Taoiseach Enda Kenny has been accused of suffering a “humiliating” defeat over his plans for a cross-border strategy to address the Brexit fallout, after he failed to agree the move with Northern Ireland’s first minister before announcing it.
Labour leader Brendan Howlin criticised Mr Kenny for “failing to prepare the ground” on the measure after it was shot down by DUP leader Arlene Foster during a cross-border summit on Monday.
During a Dáil leaders’ questions debate dominated by Brexit, Mr Kenny came under repeated pressure from Fianna Fáil and Sinn Féin leaders Micheál Martin and Gerry Adams over the inability to agree a plan with Ms Foster.
The most stinging criticism came from Mr Howlin, who accused Mr Kenny of suffering a “humiliating” defeat in setting up a cross-border response to the issue — only to see it publicly rejected by his Northern counterpart within minutes of it being announced.
“In recent days the Taoiseach had floated the idea of an all-island forum so we could have a consensus on the island on how to deal with this,” said Mr Howlin.
“As others have said, this idea was floated many times over the weekend by a number of the Taoiseach’s ministers. However, at [Monday’s] press conference, it became clear the Taoiseach had failed to prepare the ground with the Northern Ireland first minister.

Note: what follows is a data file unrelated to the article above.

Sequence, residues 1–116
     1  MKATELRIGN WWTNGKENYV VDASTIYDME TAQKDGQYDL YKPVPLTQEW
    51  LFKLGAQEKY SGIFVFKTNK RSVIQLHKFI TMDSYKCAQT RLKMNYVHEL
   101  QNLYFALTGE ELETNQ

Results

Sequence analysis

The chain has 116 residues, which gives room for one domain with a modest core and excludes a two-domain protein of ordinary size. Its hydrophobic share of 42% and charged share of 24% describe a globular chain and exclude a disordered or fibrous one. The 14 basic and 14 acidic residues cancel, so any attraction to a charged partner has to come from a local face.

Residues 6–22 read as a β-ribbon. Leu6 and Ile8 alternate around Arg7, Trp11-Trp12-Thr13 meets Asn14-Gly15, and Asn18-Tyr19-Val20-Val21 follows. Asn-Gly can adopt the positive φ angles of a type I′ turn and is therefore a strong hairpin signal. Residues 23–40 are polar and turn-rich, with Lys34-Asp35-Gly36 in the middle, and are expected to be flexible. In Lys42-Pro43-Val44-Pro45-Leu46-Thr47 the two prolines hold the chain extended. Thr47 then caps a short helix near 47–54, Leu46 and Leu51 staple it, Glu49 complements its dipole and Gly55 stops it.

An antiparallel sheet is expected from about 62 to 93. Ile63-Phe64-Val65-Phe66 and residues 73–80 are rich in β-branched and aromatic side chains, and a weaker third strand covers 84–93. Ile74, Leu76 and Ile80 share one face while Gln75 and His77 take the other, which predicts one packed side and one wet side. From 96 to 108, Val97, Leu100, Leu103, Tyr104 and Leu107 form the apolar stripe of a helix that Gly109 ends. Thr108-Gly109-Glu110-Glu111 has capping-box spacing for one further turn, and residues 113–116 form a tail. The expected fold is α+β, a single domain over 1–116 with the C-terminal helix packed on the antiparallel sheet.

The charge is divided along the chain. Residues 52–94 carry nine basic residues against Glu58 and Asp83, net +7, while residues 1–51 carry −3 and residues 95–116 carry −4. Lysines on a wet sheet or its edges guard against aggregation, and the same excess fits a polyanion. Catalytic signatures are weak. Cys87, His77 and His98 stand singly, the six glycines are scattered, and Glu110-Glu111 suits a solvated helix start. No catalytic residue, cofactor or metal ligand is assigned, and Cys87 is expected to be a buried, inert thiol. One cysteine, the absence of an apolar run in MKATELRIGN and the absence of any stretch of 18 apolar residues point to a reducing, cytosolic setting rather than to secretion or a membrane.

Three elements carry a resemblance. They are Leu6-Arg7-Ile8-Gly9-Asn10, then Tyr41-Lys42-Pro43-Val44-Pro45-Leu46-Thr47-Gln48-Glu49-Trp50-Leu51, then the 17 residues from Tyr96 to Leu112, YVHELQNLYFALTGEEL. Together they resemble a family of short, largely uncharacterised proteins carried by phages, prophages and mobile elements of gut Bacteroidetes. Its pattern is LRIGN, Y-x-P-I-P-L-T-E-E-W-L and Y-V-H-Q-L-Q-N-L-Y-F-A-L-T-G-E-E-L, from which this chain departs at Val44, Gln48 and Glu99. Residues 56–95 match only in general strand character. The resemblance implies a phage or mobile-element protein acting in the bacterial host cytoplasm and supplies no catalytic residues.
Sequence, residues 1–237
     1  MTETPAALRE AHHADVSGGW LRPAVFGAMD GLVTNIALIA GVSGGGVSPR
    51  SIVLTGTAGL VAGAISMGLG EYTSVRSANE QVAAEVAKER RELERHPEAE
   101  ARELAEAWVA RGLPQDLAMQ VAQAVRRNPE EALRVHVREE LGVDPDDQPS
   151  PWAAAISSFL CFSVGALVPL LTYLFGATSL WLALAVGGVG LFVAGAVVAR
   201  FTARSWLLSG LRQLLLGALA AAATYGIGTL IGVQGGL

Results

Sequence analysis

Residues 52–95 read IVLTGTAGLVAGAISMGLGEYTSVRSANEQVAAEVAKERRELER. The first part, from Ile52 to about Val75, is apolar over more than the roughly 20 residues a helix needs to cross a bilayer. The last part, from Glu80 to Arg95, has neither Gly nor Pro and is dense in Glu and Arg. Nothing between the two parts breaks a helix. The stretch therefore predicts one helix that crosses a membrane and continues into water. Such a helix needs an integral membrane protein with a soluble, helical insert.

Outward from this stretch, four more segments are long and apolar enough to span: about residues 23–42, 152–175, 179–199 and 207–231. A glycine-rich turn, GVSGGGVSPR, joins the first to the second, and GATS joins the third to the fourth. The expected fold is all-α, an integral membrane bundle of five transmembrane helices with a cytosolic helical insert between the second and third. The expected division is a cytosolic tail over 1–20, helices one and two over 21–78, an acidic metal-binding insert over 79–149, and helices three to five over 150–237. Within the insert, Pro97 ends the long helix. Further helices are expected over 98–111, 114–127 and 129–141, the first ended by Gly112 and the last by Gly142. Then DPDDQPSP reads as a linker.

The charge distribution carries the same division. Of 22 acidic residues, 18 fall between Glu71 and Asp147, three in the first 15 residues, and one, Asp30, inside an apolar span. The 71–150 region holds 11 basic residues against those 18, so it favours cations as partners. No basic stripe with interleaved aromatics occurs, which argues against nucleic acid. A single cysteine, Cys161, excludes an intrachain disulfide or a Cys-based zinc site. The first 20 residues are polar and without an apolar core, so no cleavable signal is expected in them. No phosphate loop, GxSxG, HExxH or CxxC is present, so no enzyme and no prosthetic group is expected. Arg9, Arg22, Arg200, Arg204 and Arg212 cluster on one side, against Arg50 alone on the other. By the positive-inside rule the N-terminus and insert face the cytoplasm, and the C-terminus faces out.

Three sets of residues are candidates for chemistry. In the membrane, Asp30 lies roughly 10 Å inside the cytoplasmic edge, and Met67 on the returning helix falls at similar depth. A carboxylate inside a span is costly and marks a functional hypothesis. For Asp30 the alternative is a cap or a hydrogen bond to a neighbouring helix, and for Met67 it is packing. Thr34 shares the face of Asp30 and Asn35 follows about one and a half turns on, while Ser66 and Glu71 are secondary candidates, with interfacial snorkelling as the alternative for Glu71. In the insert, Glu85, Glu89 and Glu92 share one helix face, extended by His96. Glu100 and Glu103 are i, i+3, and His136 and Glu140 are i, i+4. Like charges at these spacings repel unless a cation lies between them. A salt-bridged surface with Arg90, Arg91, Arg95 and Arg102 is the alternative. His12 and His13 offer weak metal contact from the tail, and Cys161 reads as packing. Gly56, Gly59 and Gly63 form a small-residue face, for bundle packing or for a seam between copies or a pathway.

“The result was the proposal was rejected by her publicly in a very humiliating way.”
Mr Howlin said the situation has “damaged” the interests of both the Republic and Northern Ireland in the immediate aftermath of last month’s UK Brexit vote, noting that the lack of a cross-border plan raises questions for both jurisdictions’ economic strength.
Mr Martin criticised Mr Kenny for putting forward an “incoherent all-island response to Brexit without an attempt to speak to Arlene Foster and others”.
Describing the departure of Britain from the EU as one of the most serious threats to face the economies in the Republic and North in recent times, Mr Martin said while a cross-border plan is a positive step, it was “inconceivable” that it “would have been floated” without any discussion with Northern counterparts.
Mr Kenny said he spoke to Ms Foster last week and that “everybody has responsibilities collectively” in how to address the Brexit aftermath. He said that “instead of trying to score points on this”, rival parties would better serve the public by helping to build bridges over the issue.
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